The embodiment shown in FIGS. 5 to 7 differs from that shown in FIGS. 1 to 4 in that the rail 10 and the support feet 20 are separate structural parts. Both the rail 10 and the support feet 20 are formed from an extruded profiled member, preferably made of aluminum. Each support foot 20 is formed with a downwardly descending curved bottom part 30 and an adjoining freely terminating substantially flat support surface 40 which is spaced vertically below but substantially parallel to the rail 10. A flattened wall region 50 of the extruded profiled member rests against the top side of the support surface 40. A hole 60 for the passage of a fastening element 70 passes through the wall region 50 and the wall region of the support foot 20 which forms the support surface 40. The support foot 20 is supplemented in appearance by a cover cap 80 which covers the shaped regions from above and also from the sides.
The cover cap 80 has clip elements 81 by which it can be fastened to the support foot 20. For receiving the clip elements, the support foot 20 has a wall opening 82 and undercuts 83 for entry of the clip elements and engagement behind the undercuts. Projections 28 on the cover cap 80 engage in the undercuts 84 (free spaces). Each cover cap 80 is pivoted in swingable manner on its support foot 20 by a pivot pin 86 in such a manner that, in its upwardly swung position shown in dash-dot line in FIG. 5, they permit access to the fastening elements 70.
Each support foot 20 is developed with a downwardly protruding rib 21 which defines free spaces to the left and right of the rib which forms the undercuts 84. Each foot furthermore has an insert pin 82 which fits into the ends of the rail and engages in form locked manner into a slot opening provided in the end region of the rail 10. Gluing or pinning should be provided between rail 10 and insert pin 22.
The cover cap 80 is of generally U-shaped cross section with a web 87 covering the support foot on its top and with legs 88 which cover the two opposite sides of the support foot 20. On the free edge region of the legs 88 there are inwardly directed projections of material 85 which can be engaged in the free spaces 84. On the bottom side of the web of the cover cap 80, the clip elements 81 and a bearing bracket 89 are formed. The bearing bracket 89 has a slot 90 for the pivot pin 86. The bearing bracket can have an undercut slot opening on its free end so that, with pivot pin premounted, the cover cap can be attached to the pivot pin by pushing. An opening 91 is provided in the web 87 of the cover cap 80 for the passage of the bearing bracket 89.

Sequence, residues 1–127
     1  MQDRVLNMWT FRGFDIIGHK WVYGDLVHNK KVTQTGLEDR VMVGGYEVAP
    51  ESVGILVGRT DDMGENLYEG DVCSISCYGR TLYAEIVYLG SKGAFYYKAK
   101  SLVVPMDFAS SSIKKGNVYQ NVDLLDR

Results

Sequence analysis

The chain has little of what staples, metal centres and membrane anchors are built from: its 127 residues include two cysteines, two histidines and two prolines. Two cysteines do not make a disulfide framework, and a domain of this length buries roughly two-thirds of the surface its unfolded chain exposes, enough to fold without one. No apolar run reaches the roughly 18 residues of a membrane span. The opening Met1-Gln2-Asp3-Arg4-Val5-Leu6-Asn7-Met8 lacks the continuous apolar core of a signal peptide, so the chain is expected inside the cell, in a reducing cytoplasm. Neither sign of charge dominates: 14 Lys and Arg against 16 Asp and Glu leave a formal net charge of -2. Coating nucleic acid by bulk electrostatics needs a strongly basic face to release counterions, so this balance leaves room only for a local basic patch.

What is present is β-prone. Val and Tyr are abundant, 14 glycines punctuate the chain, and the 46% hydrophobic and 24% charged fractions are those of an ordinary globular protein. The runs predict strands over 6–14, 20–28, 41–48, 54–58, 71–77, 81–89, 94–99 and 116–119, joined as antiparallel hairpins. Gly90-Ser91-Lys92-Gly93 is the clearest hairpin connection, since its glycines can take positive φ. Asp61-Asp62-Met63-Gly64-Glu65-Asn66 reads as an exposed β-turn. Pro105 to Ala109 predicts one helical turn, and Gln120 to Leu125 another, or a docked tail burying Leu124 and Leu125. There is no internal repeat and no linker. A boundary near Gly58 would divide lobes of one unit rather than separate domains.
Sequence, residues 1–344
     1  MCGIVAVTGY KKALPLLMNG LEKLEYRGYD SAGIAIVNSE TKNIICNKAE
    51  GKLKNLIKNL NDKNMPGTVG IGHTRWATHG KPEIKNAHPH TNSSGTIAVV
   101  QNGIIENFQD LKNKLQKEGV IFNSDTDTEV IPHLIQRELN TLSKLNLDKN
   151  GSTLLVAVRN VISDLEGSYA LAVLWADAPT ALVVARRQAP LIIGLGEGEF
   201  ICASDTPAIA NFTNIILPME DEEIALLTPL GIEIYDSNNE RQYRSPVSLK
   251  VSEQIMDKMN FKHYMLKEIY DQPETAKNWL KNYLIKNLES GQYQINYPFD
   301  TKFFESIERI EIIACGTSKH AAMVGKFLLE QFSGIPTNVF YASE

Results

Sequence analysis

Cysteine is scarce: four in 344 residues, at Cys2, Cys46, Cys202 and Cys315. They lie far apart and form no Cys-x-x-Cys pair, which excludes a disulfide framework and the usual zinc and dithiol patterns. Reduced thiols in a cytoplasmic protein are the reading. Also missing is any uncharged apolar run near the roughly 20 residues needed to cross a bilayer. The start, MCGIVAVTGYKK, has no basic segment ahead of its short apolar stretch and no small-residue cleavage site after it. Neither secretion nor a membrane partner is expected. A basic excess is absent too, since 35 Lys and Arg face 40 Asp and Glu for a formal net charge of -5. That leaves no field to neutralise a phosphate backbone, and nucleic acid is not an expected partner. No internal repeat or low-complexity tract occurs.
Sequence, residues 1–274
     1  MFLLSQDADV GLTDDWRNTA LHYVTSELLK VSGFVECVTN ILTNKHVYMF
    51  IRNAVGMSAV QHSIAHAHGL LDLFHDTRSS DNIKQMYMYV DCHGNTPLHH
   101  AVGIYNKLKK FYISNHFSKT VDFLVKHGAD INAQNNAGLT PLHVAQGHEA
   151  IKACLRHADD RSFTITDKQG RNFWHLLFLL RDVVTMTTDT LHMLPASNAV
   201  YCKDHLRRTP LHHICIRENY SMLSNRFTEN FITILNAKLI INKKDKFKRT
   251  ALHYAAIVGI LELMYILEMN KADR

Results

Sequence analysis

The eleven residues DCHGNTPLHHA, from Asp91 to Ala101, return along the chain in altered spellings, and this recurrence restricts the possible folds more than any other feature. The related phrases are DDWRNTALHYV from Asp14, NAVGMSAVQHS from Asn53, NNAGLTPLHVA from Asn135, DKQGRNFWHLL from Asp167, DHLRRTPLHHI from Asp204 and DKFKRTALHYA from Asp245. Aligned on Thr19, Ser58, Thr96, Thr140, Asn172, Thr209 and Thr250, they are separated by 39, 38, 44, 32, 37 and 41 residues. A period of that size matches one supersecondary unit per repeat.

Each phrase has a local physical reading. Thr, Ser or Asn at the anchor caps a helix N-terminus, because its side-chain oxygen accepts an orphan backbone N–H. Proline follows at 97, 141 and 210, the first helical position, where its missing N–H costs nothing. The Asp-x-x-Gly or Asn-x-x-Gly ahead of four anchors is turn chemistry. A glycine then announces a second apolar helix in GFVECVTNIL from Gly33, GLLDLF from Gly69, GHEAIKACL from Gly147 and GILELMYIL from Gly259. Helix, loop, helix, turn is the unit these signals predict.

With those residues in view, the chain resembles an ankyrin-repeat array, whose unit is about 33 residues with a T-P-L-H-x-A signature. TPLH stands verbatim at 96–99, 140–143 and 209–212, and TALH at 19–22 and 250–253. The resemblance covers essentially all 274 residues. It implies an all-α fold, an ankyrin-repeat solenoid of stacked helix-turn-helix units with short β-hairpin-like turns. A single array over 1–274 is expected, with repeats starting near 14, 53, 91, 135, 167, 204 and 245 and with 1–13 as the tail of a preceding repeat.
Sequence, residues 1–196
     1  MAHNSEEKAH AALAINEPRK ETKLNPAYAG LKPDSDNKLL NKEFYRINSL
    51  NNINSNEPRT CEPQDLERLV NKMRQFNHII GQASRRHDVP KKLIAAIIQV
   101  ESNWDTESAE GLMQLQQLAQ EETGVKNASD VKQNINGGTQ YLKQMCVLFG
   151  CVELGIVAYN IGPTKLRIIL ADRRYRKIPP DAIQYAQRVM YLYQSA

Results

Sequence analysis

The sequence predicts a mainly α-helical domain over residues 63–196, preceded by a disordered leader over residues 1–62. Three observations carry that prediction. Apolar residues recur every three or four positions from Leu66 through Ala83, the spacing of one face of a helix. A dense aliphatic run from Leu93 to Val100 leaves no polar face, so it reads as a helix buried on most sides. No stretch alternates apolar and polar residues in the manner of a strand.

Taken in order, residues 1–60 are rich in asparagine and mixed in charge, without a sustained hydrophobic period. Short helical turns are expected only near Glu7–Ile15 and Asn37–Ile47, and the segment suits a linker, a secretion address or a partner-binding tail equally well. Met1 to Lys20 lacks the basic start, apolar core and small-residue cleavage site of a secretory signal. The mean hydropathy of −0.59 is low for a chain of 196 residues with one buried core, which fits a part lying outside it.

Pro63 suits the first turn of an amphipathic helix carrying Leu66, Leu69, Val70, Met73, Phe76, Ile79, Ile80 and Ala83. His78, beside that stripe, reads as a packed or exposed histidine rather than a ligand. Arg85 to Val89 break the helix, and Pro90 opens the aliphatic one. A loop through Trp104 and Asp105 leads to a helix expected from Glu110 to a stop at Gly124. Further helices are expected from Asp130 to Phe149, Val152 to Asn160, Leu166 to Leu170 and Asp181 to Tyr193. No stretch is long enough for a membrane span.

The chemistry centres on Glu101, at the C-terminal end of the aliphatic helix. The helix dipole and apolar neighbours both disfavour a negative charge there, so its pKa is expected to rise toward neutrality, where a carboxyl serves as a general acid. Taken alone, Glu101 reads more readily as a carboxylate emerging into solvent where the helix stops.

The attachment of the rail is preferably effected from above, using an ordinary hexagon head screw as a fastening part 70. Below that, a washer 92 is provided.
The development of the support feet 2 can correspond to the development of the support feet 20, while the development of the cover cap 8 can also correspond to the development of the cover cap 80.
Although the present invention has been described in relation to a particular embodiment thereof, many other variations and modifications and other uses will become apparent to those skilled in the art. It is preferred, therefore, that the present invention be limited not by the specific disclosure herein, but only by the appended claims.
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|US20100288807 *||Dec 13, 2008||Nov 18, 2010||Hans Und Ottmar Binder Gmbh Oberflachenveredelung||Deep draw cap for roof rack|
|US20150122857 *||Nov 6, 2014||May 7, 2015||Thule Sweden Ab||Load Carrier Foot|
|U.S. Classification||224/309, 224/326, 224/917.5, 224/316|
|Nov 10, 1994||AS||Assignment|
Owner name: HAPPICH FAHRZEUG-DACHSYSTEME GMBH A CORP. OF GER
Free format text: ASSIGNMENT OF ASSIGNORS INTEREST;ASSIGNORS:FISCH, FRITZ;LUMPE, KARL-HEINZ;KOLODZIEJ, KLAUS;REEL/FRAME:007229/0505;SIGNING DATES FROM 19941002 TO 19941027
|Feb 22, 1999||AS||Assignment|
Owner name: JAC PRODUCTS DEUTSCHLAND GMBH, GERMANY
Free format text: CHANGE OF NAME;ASSIGNOR:HAPPICH FAHRZEUG-DACHSYSTEM GMBH;REEL/FRAME:009781/0726
Effective date: 19981202
|Apr 17, 2000||FPAY||Fee payment|
Year of fee payment: 4
|Jun 2, 2004||REMI||Maintenance fee reminder mailed|
|Nov 12, 2004||LAPS||Lapse for failure to pay maintenance fees|
|Jan 11, 2005||FP||Expired due to failure to pay maintenance fee|
Effective date: 20041112